Coating of the Stents via the Spraying Method:
The according to example 1 and example 2 pre-prepared not expanded stents are balanced and horizontally hung onto a thin metal bar (d=0.2 mm) which is stuck on the rotation axis of the rotation and feed equipment and rotates with 28 r/min. The stents are fixed in such way, that the interior of the stents does not touch the bar. At a feeding amplitude of 2.2 cm and a feeding velocity of 4 cm/s and a distance of 6 cm between stent and spray nozzle, the stent is sprayed with the respective spray solution. After the drying (about 15 minutes) at room temperature and proximately in the fume hood over night it is balanced again.
Coating of the Stents with Pure Matrix:
Preparation of the Spray Solution:
176 mg polylactide is balanced and replenished with chloroform to 20 g.
The stents are sprayed in each case with 3 ml of the spraying solution, balanced before and after the spraying and the yielding layer thickness is determined by measuring under the microscope 100-times magnified.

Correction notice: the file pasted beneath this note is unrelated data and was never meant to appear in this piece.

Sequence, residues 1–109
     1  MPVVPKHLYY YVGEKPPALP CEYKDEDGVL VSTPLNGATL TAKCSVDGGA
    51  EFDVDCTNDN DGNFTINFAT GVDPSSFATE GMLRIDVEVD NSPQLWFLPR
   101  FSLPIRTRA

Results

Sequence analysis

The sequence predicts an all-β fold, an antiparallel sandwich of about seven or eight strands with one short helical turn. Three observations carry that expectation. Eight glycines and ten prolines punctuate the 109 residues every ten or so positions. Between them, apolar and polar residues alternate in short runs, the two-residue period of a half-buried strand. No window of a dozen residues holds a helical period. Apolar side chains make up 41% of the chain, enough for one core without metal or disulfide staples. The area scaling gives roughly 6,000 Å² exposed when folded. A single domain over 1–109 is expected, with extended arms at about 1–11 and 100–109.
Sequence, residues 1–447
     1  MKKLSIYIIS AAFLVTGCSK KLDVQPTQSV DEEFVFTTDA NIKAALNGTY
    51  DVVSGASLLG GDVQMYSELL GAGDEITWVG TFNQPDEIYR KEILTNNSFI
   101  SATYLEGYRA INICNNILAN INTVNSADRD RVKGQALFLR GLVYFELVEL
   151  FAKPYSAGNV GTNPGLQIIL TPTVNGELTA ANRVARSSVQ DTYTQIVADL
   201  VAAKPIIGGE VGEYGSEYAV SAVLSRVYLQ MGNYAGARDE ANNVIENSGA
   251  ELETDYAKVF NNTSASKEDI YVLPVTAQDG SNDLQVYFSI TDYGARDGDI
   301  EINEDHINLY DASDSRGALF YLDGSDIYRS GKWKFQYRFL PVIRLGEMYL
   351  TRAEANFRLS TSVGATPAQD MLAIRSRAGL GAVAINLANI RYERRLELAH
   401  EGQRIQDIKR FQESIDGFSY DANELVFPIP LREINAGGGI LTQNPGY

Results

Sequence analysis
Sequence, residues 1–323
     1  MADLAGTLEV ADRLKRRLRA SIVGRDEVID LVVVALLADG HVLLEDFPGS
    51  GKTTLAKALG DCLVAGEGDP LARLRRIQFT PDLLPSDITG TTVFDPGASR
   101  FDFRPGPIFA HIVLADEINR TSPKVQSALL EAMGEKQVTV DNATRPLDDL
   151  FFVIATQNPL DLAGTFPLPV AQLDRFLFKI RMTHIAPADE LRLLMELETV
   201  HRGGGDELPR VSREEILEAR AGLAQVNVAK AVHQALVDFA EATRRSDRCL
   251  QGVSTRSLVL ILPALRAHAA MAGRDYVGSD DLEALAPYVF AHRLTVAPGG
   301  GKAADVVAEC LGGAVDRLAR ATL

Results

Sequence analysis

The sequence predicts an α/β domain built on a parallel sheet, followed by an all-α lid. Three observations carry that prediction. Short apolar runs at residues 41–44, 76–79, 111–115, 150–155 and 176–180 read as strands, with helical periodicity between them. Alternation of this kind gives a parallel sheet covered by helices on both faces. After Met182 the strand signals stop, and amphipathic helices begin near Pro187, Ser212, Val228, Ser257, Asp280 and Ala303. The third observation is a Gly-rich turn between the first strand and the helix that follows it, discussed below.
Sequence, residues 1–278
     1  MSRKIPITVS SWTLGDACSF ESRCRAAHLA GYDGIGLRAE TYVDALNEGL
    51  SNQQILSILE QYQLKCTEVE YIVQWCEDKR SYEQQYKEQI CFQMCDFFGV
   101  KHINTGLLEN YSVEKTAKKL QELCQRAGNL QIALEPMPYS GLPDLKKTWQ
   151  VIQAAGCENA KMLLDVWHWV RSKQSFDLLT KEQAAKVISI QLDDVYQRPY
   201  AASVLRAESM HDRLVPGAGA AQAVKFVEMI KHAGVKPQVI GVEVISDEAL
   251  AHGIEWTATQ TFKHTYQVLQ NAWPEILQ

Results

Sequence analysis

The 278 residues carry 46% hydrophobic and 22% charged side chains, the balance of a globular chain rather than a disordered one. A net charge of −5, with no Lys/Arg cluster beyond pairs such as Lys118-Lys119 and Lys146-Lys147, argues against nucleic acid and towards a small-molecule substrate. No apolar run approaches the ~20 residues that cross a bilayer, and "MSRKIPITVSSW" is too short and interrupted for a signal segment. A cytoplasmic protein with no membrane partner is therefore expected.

Coating of the Stents with Pure Active Agent:
Preparation of the Spray Solution:
44 mg taxol are dissolved in 6 g chloroform.
The stents are balanced before and after the spraying.
Determination of the Elution Behaviour in PBS-Buffer:
Each stent placed in a sufficiently small flask, 2 ml PBS-buffer is added, sealed with parafilm and incubated in the drying closet at 37° C. After expiry of the chosen time intervals in each case the supernatant is depipetted and its UV absorption at 306 nm is measured.
Coating of the Hemocompatibly Equipped Stents with an Active Agent Loaded Matrix (
Coating of the Stents with an Active Agent Loaded Matrix and an Active Agent as Topcoat (
Basis coat: 19.8 mg polylactide and 6.6. mg taxol are replenished with chloroform to 3 g.
Topcoat: 8.8 mg taxol are replenished with chloroform to 2 g.
Coating of the Stents with a Polylactide which Contains a Hydrophilic Active Agent and with an Active Agent Free Matrix as Topcoat (
Basis coating: 22 mg polylactide and 22 mg hydrophilic active agent are balanced and replenished with chloroform to 5 g.
Topcoat: 22 mg polylactide and 22 mg polystyrene are balanced and replenished with chloroform to 5 g.
Hemocompatibility of the Used Matrix:
The following measuring parameters were determined:
Carrying Out of the Experiment: